There is a long and complicated history of fossil fuel development on Indigenous lands, with mining for coal and drilling for oil and gas leading to environmental degradation in these communities while also serving as a source of income for Indigenous tribal governments. As energy transitions away from fossil fuels take place, there both is a real financial risk to these communities due to revenue declines, yet there is also an opportunity, and a desire, to use these developments as an opportunity to transition toward cleaner energy production and help Indigenous communities become less reliant on these revenue sources. This grant supports a team led by Julia Haggerty at Montana State University, in partnership with colleagues at Little Big Horn College (a local tribal community college), Plenty Doors Community Development Corporation (a community development organization), and faculty from the University of Wyoming to better understand the fiscal implications of energy transitions for Indigenous communities. The team will work closely with leaders of the Crow Nation in Montana, engaging with this community in depth, serving as a case study that can be shared with other Indigenous nations to further extend the project’s impact. The project will use multiple approaches to understand how fiscal policy intersects with economic vulnerability in the context of energy transitions on tribal lands. The team will develop a dataset that aligns coal revenue information with financial disbursement information, undertake focus groups to better understand public revenue and expenditure issues, and conduct extended interviews with tribal members. They will also produce materials for the community, including oral histories from the interviews, assessments of how changes in fossil fuel revenue might impact social services, and a series of workshops and trainings for current and emerging leaders in the Crow Nation to help them learn about the impact of energy transitions on Indigenous fiscal policy and best management practices.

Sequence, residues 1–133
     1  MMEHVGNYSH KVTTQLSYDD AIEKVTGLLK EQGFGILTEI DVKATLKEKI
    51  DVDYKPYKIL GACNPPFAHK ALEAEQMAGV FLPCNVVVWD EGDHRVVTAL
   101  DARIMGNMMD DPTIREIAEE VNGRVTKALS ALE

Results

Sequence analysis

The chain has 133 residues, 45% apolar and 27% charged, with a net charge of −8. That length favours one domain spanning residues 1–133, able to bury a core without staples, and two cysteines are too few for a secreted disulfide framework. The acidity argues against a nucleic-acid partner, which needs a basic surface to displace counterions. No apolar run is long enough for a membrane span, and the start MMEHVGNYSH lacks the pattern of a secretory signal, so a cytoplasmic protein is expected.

University of South Carolina
Conor Harrison, University of South Carolina
Ann Eisenberg, University of South Carolina
Shelley Welton, University of Pennsylvania
Etienne Toussaint, University of South Carolina
Nikki Luke, The University of Tennessee-Knoxville
To examine community and worker opportunities for just energy transitions in South Carolina and Tennessee
As the U.S. transitions towards less carbon intensive means of producing energy, important questions arise about how this transition will likely impact different communities across the country. Funds from this grant support a team of interdisciplinary scholars at the University of South Carolina and collaborators at the University of Tennessee who aim to advance our understanding of how the transition to clean energy technologies are affecting vulnerable and marginalized populations in the American South. Focusing on urban, suburban, and rural areas in Columbia, SC and Knoxville, TN, the team will conduct 80 interviews and 6 focus groups to better understand community energy vulnerability, worker experiences in the clean energy transition, and overall community priorities across a diverse range of neighborhood types. Interviewees and focus group participants will be identified and selected with the cooperation and input from local community organizations, including representatives from environmental institutions, worker collectives, and local faith communities. The scholars anticipate that these interviews will lead to the identification of both unique findings about the concerns of particularly vulnerable communities, as well as common themes across communities, that can inform and strengthen future energy policymaking at the local, state, and national level. In addition to peer-reviewed articles reporting on both findings from specific locations and themes that cut across research sites, the team will produce community-oriented materials, such as “A People’s Guide to Energy Policy,” a white paper and accompanying website that will share findings and information with local community organizations, as well as an interactive “As Goes the South” StoryMap that will serve as a digital narrative for the project and include interviews, images, and videos.
Johnson C. Smith University
Bryan Patterson, Johnson C. Smith University
Chris Ford, Florida International University
Yasuyuki Motoyama, The Ohio State University
Henry Golatt, HBCU Community Action Development Coalition
Natasha Campbell, HBCU Community Action Development Coalition
Venus Welch-White, HBCU Community Action Development Coalition
Sandy Fazeli, National Association of State Energy Officials
Philip Jordan, BW Research
To examine the systemic barriers facing researchers in Minority Serving Institutions and Historically Black Colleges and Universities across the Southeast in undertaking clean energy research